From the historic OUSU election to missing college tortoises and everything in between, throughout 2013 the OxStu has brought over 15,000 readers the latest happenings from across the University. Before the new year begins, our News Editors Amelia Hamer, Alice Phillips and Nick Toner take a look back at what has made the headlines in Oxford over the last twelve months.
Union President John Lee was criticised in January after it was revealed that Union members were denied a fair chance to attend a talk by South Korean artist PSY. Lee told a friend “you are obviously gonna get on so no need to ballot”, causing anger among Union members who saw the move as unfair given the society’s high membership cost.
A group of male students went topless in November in support of Jane Cahill’s bid for the Student Union presidency, and were a hit with fellow students and passing Japanese tourists alike. One of two of our OUSU election stories to make the top ten, the piece also sparked a conversation about body image and the nature of campaigning in Oxford.
Harlem Shake fever struck Oxford early this year, spreading through the colleges and inspiring impressive displays of dancing skill. Although some videos achieved more notoriety than others, all participants can take pride in knowing that their body-contorting exploits are on the Internet for the world to revel in.
New College student Felix Reade was sentenced to prison in July for possessing and supplying class A, B and C drugs at Shambala Festival, which he had attended the previous summer. His sentence of two years was considered “strong” given his youth and lack of previous convictions, and was said to “send a message” to those intending to deal drugs in Northamptonshire, where he was sentenced.
Considering paying 80 quid for that essay that’s keeping you from going to Bridge? Think again. The University was quick to warn students that using Lashzone, a company that emailed Nexus accounts in early 2013 offering on-demand essays, would result in serious repercussions.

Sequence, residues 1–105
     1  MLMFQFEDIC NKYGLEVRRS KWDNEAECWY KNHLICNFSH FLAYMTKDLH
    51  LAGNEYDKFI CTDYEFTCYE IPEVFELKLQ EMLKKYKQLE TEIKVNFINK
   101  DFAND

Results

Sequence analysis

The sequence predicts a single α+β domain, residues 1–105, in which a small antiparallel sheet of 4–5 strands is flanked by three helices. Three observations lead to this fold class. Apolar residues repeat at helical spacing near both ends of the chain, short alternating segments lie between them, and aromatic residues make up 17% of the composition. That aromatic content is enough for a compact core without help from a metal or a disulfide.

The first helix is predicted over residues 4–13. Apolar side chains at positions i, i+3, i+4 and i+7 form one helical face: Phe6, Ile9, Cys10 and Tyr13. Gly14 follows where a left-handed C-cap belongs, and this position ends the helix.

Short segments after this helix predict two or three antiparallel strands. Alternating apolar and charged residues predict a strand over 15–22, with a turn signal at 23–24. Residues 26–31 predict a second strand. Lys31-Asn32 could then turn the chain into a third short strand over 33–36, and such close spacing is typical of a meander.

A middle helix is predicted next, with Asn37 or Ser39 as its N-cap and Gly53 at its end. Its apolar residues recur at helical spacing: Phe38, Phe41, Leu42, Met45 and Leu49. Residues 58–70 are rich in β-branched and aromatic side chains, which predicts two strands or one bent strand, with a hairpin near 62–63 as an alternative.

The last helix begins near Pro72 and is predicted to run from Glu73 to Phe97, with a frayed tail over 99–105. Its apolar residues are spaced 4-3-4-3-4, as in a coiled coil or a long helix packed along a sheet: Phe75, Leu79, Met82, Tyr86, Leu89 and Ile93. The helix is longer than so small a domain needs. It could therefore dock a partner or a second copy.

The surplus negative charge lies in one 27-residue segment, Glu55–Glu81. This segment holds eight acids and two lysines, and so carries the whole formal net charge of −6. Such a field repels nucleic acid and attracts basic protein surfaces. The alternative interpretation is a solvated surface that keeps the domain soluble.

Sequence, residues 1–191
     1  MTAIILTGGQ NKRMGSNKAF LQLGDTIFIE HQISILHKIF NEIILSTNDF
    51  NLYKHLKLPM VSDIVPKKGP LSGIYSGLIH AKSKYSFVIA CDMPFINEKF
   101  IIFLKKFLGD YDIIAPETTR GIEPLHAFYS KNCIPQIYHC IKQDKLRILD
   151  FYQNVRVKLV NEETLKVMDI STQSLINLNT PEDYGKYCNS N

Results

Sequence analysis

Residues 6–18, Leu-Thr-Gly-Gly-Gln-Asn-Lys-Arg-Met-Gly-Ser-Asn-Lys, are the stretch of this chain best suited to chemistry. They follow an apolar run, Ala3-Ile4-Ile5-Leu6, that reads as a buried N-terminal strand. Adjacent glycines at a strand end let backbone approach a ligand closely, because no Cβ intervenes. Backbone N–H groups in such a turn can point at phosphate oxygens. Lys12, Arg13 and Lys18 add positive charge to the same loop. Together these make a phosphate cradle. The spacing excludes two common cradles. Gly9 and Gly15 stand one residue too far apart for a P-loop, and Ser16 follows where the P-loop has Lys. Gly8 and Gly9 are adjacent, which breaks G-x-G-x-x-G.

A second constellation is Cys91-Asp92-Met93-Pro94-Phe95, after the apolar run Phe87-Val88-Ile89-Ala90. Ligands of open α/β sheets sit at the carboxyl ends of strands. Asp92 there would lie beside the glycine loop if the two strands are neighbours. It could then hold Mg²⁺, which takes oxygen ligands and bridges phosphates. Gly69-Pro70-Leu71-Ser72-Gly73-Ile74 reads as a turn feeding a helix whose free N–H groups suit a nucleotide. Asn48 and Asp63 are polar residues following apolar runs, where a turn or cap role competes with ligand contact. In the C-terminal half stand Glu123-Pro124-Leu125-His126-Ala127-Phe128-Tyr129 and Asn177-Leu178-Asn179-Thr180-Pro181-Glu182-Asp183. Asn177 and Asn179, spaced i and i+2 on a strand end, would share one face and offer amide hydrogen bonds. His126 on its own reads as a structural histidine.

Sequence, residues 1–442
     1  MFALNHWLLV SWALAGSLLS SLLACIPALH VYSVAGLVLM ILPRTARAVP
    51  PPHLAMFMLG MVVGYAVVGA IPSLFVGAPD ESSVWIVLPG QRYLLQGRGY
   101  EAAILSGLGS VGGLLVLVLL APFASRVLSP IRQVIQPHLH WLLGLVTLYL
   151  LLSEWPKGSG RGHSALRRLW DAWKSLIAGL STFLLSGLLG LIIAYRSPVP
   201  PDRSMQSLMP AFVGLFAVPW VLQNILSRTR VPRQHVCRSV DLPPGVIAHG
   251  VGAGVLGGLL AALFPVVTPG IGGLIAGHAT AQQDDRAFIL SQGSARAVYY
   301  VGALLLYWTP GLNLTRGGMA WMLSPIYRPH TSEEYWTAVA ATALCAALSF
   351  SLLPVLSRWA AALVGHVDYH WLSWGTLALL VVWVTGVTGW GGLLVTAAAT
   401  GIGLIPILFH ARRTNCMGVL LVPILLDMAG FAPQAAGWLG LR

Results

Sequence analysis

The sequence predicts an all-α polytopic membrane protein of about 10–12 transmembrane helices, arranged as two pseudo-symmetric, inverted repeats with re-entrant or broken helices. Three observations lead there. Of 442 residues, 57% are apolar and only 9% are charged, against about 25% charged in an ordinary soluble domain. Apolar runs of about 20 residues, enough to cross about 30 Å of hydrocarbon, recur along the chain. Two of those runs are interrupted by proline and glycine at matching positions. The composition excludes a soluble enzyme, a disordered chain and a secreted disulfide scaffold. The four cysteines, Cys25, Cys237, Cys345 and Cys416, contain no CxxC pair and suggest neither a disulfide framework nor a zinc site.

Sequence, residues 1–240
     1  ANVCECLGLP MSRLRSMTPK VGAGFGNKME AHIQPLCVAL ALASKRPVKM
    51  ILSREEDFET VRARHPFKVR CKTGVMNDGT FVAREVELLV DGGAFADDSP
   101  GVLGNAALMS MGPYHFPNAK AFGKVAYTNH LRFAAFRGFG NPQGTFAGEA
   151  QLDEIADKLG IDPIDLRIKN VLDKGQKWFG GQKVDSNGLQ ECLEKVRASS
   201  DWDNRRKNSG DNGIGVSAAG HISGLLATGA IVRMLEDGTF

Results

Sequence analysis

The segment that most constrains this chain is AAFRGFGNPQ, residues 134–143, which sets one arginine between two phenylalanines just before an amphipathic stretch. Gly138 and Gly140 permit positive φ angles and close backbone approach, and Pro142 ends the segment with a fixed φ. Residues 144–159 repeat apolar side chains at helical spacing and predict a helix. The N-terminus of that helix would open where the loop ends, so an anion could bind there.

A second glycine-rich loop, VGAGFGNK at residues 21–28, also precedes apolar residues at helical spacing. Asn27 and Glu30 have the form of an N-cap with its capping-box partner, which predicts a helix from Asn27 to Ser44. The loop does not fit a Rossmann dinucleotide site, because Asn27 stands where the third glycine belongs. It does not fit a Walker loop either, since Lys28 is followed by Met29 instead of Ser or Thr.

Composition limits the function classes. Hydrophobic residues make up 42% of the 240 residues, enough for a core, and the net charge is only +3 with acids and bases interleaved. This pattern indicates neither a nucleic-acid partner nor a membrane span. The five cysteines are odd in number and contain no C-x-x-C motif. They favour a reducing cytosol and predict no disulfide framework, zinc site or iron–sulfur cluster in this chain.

Two stories of alleged sexism and misogyny broke in quick succession in November. Pembroke’s rugby team was relegated to Division 3 after an email encouraged players to contaminate the drinks of female freshers, while an email from officials of the Black Cygnets – a drinking society at St Hugh’s – compared women to foxes trying to “evade mauling” and “eventual capture by the huntsmen” in the Wahoo nightclub.
St Hugh’s also made the news several months earlier. In June, students were evacuated and police and fire services called to the college after a suspicious looking package was found on the premises. The package, at first thought to be a bomb, was destroyed and later confirmed to be a hoax.
A student at St Benet’s set off a firework at one of Oxford’s most popular nightclubs in February. Orme Clarke, the nephew of a prominent baronet and reportedly a member of the notorious Bullingdon Club, was given a fine for causing the disturbance in Bridge’s outdoor smoking area.
MP, campaigner and former Big Brother contestant George Galloway angrily left a debate at Christ Church in February after discovering that his opponent, Brasenose PPEist Eylon Aslan-Levy, was an Israeli. Galloway returned to Oxford in October, when fellow Brasenose student Jonathan Hunter revealed an Israeli flag during a Union debate and told Galloway he “does not debate with racists”.
Taking the top spot is the result of one of Oxford’s most momentous elections. Louis Trup went from joke candidate to future OUSU President after earning 1,685 votes to beat Jane Cahill, his closest competition, by more than 600 votes. After learning of his decisive victory, Trup said: “We need to engage people. We have done that, we’re going to do that. We’re going to Bridge.”
Top image photo credits, clockwise from top middle: Louis Trup; Aneesh Aggarwal; DavidMartynHunt; Cai Wilshaw; Youtube: Benedict Cohen; www.northamptonchron.co.uk